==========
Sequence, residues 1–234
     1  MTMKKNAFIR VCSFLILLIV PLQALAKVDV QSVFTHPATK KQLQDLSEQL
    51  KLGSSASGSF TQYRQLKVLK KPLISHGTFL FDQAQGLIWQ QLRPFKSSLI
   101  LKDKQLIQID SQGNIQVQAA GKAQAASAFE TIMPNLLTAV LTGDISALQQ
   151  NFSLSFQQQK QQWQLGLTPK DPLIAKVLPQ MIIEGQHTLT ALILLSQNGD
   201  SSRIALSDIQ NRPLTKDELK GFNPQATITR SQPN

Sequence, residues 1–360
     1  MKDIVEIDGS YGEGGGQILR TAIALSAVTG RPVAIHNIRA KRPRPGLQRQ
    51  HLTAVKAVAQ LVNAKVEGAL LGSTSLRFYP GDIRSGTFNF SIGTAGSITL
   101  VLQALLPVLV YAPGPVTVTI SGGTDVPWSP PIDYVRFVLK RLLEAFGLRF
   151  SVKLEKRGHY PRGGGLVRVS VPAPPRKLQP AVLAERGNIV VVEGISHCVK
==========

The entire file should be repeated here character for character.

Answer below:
Sequence, residues 1–234
     1  MTMKKNAFIR VCSFLILLIV PLQALAKVDV QSVFTHPATK KQLQDLSEQL
    51  KLGSSASGSF TQYRQLKVLK KPLISHGTFL FDQAQGLIWQ QLRPFKSSLI
   101  LKDKQLIQID SQGNIQVQAA GKAQAASAFE TIMPNLLTAV LTGDISALQQ
   151  NFSLSFQQQK QQWQLGLTPK DPLIAKVLPQ MIIEGQHTLT ALILLSQNGD
   201  SSRIALSDIQ NRPLTKDELK GFNPQATITR SQPN

Sequence, residues 1–360
     1  MKDIVEIDGS YGEGGGQILR TAIALSAVTG RPVAIHNIRA KRPRPGLQRQ
    51  HLTAVKAVAQ LVNAKVEGAL LGSTSLRFYP GDIRSGTFNF SIGTAGSITL
   101  VLQALLPVLV YAPGPVTVTI SGGTDVPWSP PIDYVRFVLK RLLEAFGLRF
   151  SVKLEKRGHY PRGGGLVRVS VPAPPRKLQP AVLAERGNIV VVEGISHCVK